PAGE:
The Spanning Tree Protocol (STP) prevents loops from forming in a switched network, but it does this task inefficiently by comparison with the processing capabilities of modern equipment. This article takes a look at the Rapid Spanning Tree Protocol (RSTP), which was designed to take over the duties of STP. RSTP was standardized in IEEE 802.1w (now integrated into IEEE 802.1D). It tweaks the way that STP works, in an effort to minimize converge times on switches, both on startup and on link failure. We’ll examine how RSTP improves on STP and how to configure it on a Cisco switched (IOS) device.
Rapid Spanning Tree Protocol Operation
Let’s take a look at the mechanics of how RSTP works. To make this a bit easier to follow, we’ll start with an analogy. Think of (R)STP as a control mechanism for stoplights in a city. Occasionally, it might be necessary for the city’s traffic department to reroute traffic from one street to another in an effort to decrease congestion. But what happens if one intersection’s controller isn’t connected with another intersection’s controller?
Take a look at the traffic pattern in Figure 1. It quickly becomes obvious that traffic in this scenario could potentially run in a continuous loop around the same city block. If enough cars were routed into this loop, traffic would eventually stop (quickly, in city traffic).
The initial duty of (R)STP is to form a relationship to the switched network on which it exists. If this is the only switch in the network, by default it would become a root bridge (or switch). This root bridge is elected initially within the STP network, and the rest of the network is built on that switch being the center of the switching universe. This also means that you don’t want the switch that gains this title to be on an edge switch, or on a switch that exists on a remote site.
Typically the election is fixed to make one of the central switches in a network the root bridge. When the election isn’t fixed, the root bridge is selected based on the priority of the switch. However, by default the priority of a switch is the same across all switches, so the second selection is made based on the bridge ID. The bridge ID is typically a hardware-encoded MAC address assigned to the switch by the manufacturer.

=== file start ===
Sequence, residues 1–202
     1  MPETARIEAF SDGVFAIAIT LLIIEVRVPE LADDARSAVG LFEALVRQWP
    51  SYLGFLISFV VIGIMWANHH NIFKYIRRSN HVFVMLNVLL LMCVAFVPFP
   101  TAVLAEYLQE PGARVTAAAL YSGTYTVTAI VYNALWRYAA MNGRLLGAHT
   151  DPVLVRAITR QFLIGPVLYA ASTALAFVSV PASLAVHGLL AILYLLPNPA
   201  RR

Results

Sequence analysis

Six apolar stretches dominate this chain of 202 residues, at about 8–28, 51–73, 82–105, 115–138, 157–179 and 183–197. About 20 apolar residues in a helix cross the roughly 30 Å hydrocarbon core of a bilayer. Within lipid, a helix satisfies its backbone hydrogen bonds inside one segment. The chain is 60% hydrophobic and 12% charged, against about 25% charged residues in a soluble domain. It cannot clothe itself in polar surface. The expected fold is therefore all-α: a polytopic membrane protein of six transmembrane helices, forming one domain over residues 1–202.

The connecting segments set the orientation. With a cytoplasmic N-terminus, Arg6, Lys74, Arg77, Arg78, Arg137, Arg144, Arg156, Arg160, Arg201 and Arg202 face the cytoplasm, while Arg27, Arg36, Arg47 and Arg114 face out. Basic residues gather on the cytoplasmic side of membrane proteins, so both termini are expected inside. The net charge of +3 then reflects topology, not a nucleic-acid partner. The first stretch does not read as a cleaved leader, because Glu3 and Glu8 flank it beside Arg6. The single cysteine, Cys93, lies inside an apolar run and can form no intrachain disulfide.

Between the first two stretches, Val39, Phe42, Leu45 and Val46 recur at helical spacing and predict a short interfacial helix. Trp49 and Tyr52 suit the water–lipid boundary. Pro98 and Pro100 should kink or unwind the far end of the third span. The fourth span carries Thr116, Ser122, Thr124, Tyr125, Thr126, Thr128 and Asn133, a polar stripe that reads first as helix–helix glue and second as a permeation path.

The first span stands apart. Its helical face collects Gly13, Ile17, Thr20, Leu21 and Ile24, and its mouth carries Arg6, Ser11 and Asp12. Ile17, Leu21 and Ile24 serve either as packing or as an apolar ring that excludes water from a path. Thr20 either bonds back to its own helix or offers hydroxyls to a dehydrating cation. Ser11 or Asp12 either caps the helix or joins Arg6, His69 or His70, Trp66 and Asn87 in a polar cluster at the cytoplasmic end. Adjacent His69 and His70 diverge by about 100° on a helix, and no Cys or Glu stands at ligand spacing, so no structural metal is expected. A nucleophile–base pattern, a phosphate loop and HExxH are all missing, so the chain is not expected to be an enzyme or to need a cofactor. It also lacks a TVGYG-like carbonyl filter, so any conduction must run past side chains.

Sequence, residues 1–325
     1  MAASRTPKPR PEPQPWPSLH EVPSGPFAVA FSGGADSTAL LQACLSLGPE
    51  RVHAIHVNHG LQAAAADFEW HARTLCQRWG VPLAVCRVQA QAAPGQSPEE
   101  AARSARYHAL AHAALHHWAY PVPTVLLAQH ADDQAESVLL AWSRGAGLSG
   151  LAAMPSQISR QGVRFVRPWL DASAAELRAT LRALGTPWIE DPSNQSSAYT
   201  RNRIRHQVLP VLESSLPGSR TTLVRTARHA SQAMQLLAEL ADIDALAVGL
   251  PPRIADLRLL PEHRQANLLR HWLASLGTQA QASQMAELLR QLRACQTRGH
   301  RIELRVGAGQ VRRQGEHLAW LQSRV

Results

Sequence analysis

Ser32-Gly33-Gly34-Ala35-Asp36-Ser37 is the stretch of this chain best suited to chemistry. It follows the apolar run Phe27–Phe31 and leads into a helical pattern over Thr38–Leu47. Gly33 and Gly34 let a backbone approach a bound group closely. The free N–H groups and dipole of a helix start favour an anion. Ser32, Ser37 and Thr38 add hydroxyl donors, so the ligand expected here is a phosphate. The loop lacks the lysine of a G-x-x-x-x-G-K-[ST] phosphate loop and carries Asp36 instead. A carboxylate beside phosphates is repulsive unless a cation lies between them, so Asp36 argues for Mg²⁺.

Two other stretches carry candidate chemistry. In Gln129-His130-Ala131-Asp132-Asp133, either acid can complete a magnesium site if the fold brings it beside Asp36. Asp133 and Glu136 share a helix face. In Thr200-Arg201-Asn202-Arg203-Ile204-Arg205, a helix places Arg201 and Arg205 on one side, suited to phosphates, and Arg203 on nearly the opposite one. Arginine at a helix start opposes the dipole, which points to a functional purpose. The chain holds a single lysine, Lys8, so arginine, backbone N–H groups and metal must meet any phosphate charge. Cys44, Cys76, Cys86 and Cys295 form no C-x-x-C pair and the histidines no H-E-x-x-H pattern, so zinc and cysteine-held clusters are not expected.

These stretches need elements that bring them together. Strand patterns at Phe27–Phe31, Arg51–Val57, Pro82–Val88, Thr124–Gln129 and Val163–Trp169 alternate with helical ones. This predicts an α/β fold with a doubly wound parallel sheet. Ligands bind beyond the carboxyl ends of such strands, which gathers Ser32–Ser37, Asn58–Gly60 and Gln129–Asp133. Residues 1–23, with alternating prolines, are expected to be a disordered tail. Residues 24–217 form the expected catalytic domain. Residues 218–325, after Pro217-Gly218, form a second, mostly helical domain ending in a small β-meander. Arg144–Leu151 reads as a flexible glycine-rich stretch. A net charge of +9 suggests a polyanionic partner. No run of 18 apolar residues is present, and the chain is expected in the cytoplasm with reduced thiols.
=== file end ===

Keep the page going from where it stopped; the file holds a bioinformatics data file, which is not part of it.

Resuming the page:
These priorities and bridge IDs are relayed through the exchange of Bridge Protocol Data Units (BPDUs), which are sent by RSTP every “hello” interval—by default, every two seconds. The bridge that has the superior priority or bridge ID is elected the root bridge.
A big difference between the original STP and RSTP is in how they converge. With the original STP, all of the switches must wait as the interfaces go through listening and learning port states (15 seconds each) before deciding which switch will become the root bridge and which interfaces will become root interfaces. With RSTP, a proposal and agreement (P/A) process is put in place, which is automatically used as soon as an interface comes up. This P/A process drastically shortens the time needed for an interface to move into a forwarding state. However, this process only happens on what RSTP calls point-to-point (p2p) links.
Cisco switches use the duplex setting of an interface to determine the link type. Interfaces with a full-duplex setting follow the P/A process; interfaces with a half-duplex setting go through the slower STP convergence process (30 seconds total) before converging. An exception to this rule is root ports, which are automatically pushed into a forwarding state when a switch is brought up. In RSTP, these half-duplex links are referred to as shared(Shr) links. RSTP also defines a third type of link, edge links; these ports operate like older Cisco PortFast ports and are automatically put into a forwarding state.
The port states are also referenced differently in RSTP. STP has five port states: disabled, blocking, listening, learning, and forwarding. RSTP combines those states into a total of three: discarding (disabled, blocking, listening), learning, and forwarding.